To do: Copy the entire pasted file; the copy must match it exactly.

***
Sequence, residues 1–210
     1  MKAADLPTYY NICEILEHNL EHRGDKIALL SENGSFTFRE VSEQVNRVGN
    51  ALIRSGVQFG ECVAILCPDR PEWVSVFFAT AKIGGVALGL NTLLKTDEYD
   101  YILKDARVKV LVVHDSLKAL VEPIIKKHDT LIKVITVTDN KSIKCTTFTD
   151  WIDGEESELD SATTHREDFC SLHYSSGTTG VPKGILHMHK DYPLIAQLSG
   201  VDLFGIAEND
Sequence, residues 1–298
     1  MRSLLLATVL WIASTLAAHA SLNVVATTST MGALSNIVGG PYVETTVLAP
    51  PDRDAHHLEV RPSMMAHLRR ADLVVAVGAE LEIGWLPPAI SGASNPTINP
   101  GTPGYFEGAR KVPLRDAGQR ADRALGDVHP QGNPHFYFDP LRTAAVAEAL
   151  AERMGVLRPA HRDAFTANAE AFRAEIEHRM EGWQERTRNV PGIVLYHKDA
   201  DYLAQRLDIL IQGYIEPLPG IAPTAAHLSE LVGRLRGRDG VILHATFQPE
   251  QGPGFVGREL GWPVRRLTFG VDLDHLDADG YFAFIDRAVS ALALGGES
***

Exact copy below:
Sequence, residues 1–210
     1  MKAADLPTYY NICEILEHNL EHRGDKIALL SENGSFTFRE VSEQVNRVGN
    51  ALIRSGVQFG ECVAILCPDR PEWVSVFFAT AKIGGVALGL NTLLKTDEYD
   101  YILKDARVKV LVVHDSLKAL VEPIIKKHDT LIKVITVTDN KSIKCTTFTD
   151  WIDGEESELD SATTHREDFC SLHYSSGTTG VPKGILHMHK DYPLIAQLSG
   201  VDLFGIAEND
Sequence, residues 1–298
     1  MRSLLLATVL WIASTLAAHA SLNVVATTST MGALSNIVGG PYVETTVLAP
    51  PDRDAHHLEV RPSMMAHLRR ADLVVAVGAE LEIGWLPPAI SGASNPTINP
   101  GTPGYFEGAR KVPLRDAGQR ADRALGDVHP QGNPHFYFDP LRTAAVAEAL
   151  AERMGVLRPA HRDAFTANAE AFRAEIEHRM EGWQERTRNV PGIVLYHKDA
   201  DYLAQRLDIL IQGYIEPLPG IAPTAAHLSE LVGRLRGRDG VILHATFQPE
   251  QGPGFVGREL GWPVRRLTFG VDLDHLDADG YFAFIDRAVS ALALGGES